Tolucan Times January 18, 2003
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ASK THE DIVORCE COACH©, SUSAN ALLAN
Personal Space and Intimacy
How is it possible that our national average for marriage is only 7 years? Since 64% of marriages end, might it be our natural need for space? How do we create a marriage in which our need for intimacy, companionship and sexuality can be met? Is there a new dynamic that allows us to solve this dilemma? I believe that there is. I have discovered that fear and our breaking point during panic is the true cause of every separation. If we include personal space in our marriages will this make a difference?
Fear of losing ourselves in intimacy keeps us apart; keeps us from new connections and keep us from admitting our all-encompassing need for personal space. Is it possible to create a relationship that includes trust and respect and love and monogamy and space, too? If we examine the 36% of marriages that last, what percentage does not include infidelity, indifference or even hatred?
What if falling in love were the opposite of what we believed to be true? What if falling in love required maintaining personal space and the ability to be intensely close? Since this is the opposite of what we have been taught, wouldn’t it explain why 64% of our marriages end? What if each human being requires a certain distance, which may be physical, sexual or emotional? What if love, being intimacy, makes us hang back and that’s how a couple is formed; from one moving forwards, one stepping back, either in the physical, sexual or emotional domain? What if the space between two, divided by two, equaled the intimacy that each spouse allows? Could we call this space our true comfort zone and call real intimacy our discomfort zone? Then without blaming one another we would concentrate on building trust, respect and intimacy. If we look from this new perspective, can we begin to understand the true nature of intimacy?
For human beings is it this personal space, whether physical, emotional or energetic that gives us the safety to love so deeply?
I felt like I was suffocating during marriage though I adored my wife. She wanted “more, more, more” love, attention and affection. Now my girlfriend does and so did the last one. Why?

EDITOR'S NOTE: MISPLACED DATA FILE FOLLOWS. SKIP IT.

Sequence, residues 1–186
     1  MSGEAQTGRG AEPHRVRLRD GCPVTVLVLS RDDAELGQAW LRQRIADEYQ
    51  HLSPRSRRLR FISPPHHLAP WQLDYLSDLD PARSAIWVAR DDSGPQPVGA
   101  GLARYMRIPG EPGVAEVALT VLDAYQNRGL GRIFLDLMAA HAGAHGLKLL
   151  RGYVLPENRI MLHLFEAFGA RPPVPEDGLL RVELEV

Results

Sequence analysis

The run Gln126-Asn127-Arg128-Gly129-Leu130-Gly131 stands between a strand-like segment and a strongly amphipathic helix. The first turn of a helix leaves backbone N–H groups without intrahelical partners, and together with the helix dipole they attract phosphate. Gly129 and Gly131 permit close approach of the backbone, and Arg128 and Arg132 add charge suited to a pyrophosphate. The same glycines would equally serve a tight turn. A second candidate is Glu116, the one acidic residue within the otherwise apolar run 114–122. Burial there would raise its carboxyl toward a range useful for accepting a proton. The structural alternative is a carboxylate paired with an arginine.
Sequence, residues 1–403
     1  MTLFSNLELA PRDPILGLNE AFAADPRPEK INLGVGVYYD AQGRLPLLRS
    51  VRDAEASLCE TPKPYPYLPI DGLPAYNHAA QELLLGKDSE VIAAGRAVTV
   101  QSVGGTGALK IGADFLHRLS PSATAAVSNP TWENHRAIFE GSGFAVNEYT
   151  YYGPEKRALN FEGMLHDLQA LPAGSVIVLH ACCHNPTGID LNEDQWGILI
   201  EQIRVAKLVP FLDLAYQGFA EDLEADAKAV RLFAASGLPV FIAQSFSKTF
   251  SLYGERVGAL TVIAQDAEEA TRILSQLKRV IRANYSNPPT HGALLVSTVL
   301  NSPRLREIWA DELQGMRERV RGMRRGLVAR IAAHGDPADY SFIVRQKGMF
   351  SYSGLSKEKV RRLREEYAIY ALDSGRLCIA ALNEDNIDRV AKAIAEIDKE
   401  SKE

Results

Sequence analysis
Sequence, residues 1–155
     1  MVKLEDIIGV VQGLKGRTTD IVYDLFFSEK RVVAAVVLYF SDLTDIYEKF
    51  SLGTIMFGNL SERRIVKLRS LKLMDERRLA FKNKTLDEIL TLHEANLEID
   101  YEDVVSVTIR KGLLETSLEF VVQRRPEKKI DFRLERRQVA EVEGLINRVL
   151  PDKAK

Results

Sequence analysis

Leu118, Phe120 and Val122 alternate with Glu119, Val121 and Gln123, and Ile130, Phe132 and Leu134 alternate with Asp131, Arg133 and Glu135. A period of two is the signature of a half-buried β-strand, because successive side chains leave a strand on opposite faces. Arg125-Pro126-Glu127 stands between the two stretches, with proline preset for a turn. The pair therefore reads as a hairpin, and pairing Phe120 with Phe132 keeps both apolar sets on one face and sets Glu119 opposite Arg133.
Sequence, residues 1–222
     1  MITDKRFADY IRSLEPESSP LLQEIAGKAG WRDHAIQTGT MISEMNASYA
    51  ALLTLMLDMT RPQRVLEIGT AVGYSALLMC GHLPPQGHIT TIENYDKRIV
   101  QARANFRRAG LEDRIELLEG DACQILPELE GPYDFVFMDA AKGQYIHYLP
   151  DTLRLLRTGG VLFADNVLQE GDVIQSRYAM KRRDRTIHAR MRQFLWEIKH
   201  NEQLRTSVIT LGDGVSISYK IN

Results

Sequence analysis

Could she be the one?
When we select partners, there is an internal meter judging intimacy. Therefore it is neither your desire for space nor your partners’ need for connection that is the “fault”. Instead, realize that the distance between both is the “safety zone”. When you find a partner with whom you can “walk the path” and connect and reconnect without disconnecting, you will have created a life that can fulfill both. In accordion relationships one starts and one stops. One is running towards and one is running away. Control may look like the need for personal space or the need for space may be misinterpreted as control. When you are willing to feel uncomfortable without distancing yourself; feel vulnerable without ending a relationship, that will produce growth and peace for both of you.
Susan Allan, The Divorce Coach©
I have found the perfect new father for my children; the perfect friend but we are not “in love”. Is this the basis for a magnificent future or am I kidding myself?
Dr. Marshall Rosenberg in Intimate Relationships (see Recommended Reading at www.thedivorceforum.com) says that love is a combination of needs that are met. Therefore, if your partner can meet needs such as for communication, connection, intimate touch, mutuality, respect, trust etc. and vice versa, there will be a great possibility that friendship will develop into “in love”. Discuss the needs that each describe as love for it is not the same for all of us.
Susan Allan, The Divorce Coach©
Have you ever been in a relationship where the clothes-on, day to day life is very intimate but the sexual connection isn’t? Have you ever experienced mind-altering sex but then slept alone? This is one way that we hold back from true intimacy. Have you ever loved a pet unconditionally? Did you ever think, “I wish my pet were more beautiful, younger or smarter?” Of course not. With pets, we experience the entire relationship with our heart, not our mind.
If we could measure the exact distance in physical, emotional and energetic space between a husband and his wife and between him and his mistress would the space be the same? In affairs, because the lovers are separated there is only limited but intense connection.
One solution is that practice does in fact make perfect. Since most of us have been raised by imperfect parents, doing the best or worst that they could, where would we learn a nurturing way of relating to one another? The more we practice intimacy with the consciousness that we are afraid, that we don’t feel safe, we may become more confident and successful. Little by little works with gaining the trust of a wild animal and I suggest that may work with us, too.
Susan Allan COO of The Divorce Forum